Big corporate buyers of products from Canada’s forestry industry will keep tabs on their suppliers to ensure they follow through on promises made in a landmark forest conservation agreement.
Nine companies – from newspaper and magazine publishers to office supply retailers to consumer products companies – are part of the new Boreal Business Forum. The roundtable group will meet regularly to monitor progress made by 21 member companies of the Forest Products Association of Canada (FPAC) who signed on to the conservation deal last year.
Among the goals of the Canadian Boreal Forest Agreement are more sustainable harvesting practices and habitat protection for 72 million hectares of forest across the country.
FPAC companies – including newsprint giant AbitibiBowater Inc., West Fraser Timber Co. Ltd. and Louisiana-Pacific Canada Ltd. – have committed to suspending logging operations on nearly 29 million hectares and implementing conservation plans for endangered woodland caribou.
Nine environmental organizations, including Greenpeace, Canopy and ForestEthics, also signed the three-year agreement. The groups pledged to suspend all “do not buy” campaigns against FPAC members, which they had waged for several years to draw attention to forest industry practices.
The new business forum is a key step in implementation of the agreement, said Nicole Rycroft, executive director of Vancouver-based Canopy, which encourages major paper users to source their product from sustainable forests.
“This [forum]is made up of a core group of very influential customers. They are there to provide advice, troubleshooting to get over roadblocks – and they have very large cheque books,” she said, referring to their purchasing power.
“Participants in the forum will provide invaluable guidance and keep us all accountable to our conservation commitments,” Ms. Rycroft added.
The forum “brings together a group of stakeholders who really share a conservation mandate. It’s an opportunity to keep the agreement on track, keep the agreement moving forward beyond discussion to on-the-ground conservation work,” said Michelle Marley, sustainability director at Toronto-based Indigo Books & Music Inc.
Other members of the forum include consumer products giant Kimberly-Clark; retailers Lowes, Rona Inc., Office Depot; and publishers Axel Springer AG, Time Inc., The Globe and Mail and Hearst Corp.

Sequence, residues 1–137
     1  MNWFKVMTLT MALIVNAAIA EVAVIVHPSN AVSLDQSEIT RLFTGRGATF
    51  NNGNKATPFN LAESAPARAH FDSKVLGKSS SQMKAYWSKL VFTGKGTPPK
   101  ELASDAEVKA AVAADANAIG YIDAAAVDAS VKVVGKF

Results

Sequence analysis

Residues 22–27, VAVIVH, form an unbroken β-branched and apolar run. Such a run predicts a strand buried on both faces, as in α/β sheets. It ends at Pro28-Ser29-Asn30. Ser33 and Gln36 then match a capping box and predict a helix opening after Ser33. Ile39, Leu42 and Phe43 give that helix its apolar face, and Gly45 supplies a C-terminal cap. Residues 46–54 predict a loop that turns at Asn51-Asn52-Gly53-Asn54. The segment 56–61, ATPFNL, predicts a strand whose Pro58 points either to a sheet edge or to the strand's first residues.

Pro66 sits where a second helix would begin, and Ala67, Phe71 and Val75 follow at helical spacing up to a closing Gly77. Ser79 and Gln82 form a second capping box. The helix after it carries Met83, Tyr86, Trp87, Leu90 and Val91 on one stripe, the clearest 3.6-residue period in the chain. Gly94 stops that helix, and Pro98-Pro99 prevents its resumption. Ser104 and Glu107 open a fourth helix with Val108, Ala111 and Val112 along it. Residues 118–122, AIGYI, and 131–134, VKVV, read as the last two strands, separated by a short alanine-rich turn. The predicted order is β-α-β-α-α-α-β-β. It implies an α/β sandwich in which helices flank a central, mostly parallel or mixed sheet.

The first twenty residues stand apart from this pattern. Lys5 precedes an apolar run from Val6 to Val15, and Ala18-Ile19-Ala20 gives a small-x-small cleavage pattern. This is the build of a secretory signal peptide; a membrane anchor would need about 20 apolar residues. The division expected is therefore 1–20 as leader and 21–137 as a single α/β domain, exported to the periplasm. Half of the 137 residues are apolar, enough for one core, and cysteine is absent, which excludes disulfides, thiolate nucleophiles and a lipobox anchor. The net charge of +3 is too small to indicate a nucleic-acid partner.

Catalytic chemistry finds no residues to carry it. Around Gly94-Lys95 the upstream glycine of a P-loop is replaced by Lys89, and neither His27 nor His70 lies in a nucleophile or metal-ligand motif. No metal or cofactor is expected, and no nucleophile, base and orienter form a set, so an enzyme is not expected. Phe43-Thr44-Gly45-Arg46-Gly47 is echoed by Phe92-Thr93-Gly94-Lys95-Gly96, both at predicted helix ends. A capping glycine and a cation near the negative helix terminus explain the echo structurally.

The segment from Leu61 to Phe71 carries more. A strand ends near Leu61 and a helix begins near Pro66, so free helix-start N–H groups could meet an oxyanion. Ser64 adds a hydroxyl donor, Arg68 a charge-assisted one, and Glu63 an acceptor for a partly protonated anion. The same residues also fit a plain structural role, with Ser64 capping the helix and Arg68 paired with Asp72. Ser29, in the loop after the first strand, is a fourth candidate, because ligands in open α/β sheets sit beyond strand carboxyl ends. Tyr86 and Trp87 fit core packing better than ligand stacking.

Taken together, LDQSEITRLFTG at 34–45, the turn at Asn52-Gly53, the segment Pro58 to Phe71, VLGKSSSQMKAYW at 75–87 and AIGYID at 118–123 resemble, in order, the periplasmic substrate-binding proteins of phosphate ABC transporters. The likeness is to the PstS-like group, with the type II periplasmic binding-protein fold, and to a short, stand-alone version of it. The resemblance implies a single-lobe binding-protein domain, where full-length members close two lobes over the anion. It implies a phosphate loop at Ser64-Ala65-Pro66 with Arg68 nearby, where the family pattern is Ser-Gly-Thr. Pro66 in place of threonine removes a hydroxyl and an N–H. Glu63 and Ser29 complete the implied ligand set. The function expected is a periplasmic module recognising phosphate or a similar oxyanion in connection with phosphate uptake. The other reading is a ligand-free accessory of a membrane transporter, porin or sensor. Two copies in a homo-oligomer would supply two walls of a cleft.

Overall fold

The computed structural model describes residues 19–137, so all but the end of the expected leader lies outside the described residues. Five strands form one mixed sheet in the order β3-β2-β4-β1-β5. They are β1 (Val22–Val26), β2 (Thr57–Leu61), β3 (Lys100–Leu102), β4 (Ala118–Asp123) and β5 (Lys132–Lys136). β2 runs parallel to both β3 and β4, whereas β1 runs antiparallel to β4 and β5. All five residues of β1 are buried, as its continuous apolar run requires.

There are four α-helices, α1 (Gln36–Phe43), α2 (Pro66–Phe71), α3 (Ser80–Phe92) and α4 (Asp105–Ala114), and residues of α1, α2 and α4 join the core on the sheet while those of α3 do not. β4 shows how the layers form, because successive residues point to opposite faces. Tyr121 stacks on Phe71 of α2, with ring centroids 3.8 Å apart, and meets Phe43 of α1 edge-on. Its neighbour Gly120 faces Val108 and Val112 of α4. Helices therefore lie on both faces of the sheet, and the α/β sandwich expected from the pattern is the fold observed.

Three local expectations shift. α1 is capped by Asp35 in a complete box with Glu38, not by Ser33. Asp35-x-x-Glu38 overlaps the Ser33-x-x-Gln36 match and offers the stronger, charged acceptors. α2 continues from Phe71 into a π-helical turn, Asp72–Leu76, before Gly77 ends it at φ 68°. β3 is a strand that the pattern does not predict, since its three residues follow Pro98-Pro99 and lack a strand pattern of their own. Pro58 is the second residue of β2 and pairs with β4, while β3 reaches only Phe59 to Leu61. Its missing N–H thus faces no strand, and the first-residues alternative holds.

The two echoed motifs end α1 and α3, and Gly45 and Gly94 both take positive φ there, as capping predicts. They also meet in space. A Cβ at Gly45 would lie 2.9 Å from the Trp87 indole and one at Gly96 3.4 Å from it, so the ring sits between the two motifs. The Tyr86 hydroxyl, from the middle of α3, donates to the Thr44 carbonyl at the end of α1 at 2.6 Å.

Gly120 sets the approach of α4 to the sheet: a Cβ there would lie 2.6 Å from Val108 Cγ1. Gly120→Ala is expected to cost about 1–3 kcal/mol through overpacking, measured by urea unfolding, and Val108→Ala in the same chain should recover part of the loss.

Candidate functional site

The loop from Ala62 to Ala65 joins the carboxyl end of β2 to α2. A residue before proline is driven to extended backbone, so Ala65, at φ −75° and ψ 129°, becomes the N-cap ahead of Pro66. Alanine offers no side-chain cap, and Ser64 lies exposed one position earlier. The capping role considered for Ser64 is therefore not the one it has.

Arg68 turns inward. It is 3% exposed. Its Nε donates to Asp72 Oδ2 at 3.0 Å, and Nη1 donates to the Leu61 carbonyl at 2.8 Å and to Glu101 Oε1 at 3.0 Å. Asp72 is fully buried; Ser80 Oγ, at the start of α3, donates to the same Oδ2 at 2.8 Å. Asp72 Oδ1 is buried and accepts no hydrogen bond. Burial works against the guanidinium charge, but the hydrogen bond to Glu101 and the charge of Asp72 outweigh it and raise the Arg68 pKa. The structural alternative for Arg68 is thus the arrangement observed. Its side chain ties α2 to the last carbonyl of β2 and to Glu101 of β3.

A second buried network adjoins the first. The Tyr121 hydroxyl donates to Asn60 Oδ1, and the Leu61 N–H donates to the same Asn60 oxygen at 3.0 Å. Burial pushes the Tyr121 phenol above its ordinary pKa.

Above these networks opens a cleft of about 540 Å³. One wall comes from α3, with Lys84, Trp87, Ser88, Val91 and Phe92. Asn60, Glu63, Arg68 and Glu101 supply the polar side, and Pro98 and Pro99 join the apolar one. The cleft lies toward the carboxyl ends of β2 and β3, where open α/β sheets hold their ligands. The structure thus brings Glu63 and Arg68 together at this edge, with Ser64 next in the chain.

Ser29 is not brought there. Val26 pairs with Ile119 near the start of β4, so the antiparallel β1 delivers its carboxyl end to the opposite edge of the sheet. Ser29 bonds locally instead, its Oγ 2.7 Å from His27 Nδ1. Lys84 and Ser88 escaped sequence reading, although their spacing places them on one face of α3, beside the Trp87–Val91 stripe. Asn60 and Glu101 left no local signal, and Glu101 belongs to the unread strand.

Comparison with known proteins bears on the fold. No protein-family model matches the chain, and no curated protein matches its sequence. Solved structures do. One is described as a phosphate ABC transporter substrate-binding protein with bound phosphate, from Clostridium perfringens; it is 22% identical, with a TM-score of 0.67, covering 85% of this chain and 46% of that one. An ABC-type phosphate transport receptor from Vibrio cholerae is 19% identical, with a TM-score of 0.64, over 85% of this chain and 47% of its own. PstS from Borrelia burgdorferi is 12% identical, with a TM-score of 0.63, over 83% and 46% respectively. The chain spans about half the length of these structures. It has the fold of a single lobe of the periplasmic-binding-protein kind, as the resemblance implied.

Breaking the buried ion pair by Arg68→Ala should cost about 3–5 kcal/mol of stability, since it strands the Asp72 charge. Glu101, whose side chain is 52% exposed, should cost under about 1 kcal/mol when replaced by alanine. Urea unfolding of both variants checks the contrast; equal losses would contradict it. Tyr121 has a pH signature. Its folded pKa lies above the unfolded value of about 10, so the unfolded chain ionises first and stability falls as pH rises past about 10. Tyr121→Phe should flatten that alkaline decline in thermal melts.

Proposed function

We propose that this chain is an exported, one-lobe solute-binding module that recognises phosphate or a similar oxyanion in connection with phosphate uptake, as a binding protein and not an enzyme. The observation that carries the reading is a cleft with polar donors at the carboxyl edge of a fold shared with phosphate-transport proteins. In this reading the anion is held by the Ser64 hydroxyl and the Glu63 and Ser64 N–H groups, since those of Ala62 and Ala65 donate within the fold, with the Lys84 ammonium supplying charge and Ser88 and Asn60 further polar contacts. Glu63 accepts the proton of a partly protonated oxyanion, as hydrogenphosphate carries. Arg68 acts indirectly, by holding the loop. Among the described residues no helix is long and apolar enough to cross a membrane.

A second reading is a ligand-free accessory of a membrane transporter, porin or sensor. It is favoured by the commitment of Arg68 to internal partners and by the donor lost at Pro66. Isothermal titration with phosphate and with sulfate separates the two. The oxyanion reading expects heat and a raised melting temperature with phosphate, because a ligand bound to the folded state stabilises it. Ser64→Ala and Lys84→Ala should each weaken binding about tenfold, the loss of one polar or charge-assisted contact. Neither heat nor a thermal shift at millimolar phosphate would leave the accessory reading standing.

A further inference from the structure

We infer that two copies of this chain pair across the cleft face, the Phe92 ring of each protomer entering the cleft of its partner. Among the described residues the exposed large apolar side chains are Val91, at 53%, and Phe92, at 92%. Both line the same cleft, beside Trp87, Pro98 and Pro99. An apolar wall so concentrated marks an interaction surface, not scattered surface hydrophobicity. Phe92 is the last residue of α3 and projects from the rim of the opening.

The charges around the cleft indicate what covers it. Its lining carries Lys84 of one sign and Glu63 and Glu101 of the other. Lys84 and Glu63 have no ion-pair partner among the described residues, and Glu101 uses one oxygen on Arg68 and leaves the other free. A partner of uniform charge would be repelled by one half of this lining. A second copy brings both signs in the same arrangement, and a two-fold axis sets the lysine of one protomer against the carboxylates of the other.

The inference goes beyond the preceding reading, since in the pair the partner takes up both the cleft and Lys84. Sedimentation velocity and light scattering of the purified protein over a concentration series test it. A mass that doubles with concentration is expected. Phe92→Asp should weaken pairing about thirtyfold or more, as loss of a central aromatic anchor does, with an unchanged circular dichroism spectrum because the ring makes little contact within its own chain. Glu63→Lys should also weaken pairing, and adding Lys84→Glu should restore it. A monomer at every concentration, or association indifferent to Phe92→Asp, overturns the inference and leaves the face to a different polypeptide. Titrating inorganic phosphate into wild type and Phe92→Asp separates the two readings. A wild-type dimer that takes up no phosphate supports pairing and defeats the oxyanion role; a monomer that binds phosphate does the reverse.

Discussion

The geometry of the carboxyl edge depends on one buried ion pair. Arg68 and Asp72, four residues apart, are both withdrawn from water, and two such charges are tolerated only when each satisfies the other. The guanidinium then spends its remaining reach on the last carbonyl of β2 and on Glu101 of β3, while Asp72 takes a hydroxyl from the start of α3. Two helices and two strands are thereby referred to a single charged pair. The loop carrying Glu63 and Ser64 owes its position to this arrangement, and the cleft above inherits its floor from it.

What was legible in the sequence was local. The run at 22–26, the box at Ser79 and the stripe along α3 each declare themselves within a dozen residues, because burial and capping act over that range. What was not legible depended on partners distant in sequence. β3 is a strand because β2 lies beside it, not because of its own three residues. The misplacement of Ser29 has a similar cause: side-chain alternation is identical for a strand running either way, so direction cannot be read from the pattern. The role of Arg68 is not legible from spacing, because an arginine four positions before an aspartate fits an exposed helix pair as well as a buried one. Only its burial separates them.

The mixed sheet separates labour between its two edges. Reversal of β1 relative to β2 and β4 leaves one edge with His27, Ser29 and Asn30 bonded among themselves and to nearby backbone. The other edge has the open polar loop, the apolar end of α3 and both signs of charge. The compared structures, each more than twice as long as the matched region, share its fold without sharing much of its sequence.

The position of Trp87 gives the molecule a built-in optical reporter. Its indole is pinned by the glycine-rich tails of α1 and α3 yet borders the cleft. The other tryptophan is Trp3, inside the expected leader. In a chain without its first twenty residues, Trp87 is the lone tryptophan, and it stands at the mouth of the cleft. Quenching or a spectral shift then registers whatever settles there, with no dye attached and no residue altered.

The signing of the Canadian Boreal Forest Agreement “represented a historic milestone in the environment-forestry debate. But like many agreements, signing is not the end point – it’s the start,” said Yalmaz Siddiqui, director of environmental strategy at Office Depot. “As a business that uses forest products from Canada … we look forward to working with [the signatories]to achieve the desired outcomes of the agreement,” Mr. Siddiqui said.
The forum will hold its first meeting next month and meet every six months.
The forestry industry, which says it has made major inroads over the past few years in shifting to greener forest practices, sees agreements such as the CBFA as a way to enhance its international image as a careful steward of natural resources that is dedicated to reducing the global carbon footprint. It also views a commitment to the most stringent global forestry policies as a competitive advantage in a market of rising consumer demand for green products.
Longer-term goals of the CBFA include development of large protected areas and world-leading forest management practices.
The 21 member companies of the Forest Products Association of Canada who are signatories of the Boreal Forest Agreement:
Alberta-Pacific Forest Industries Inc.
Canfor Pulp Ltd. Partnership
Cariboo Pulp & Paper Co.
Daishowa-Marubeni Intl. Ltd.
F.F. Soucy Inc.
Howe Sound Pulp & Paper Ltd. Partnership
Louisiana-Pacific Canada Ltd.
Mill & Timber Products Ltd.
Papier Masson Ltée
Tolko Industries Ltd.
West Fraser Timber Co. Ltd.
Weyerhaeuser Co. Ltd.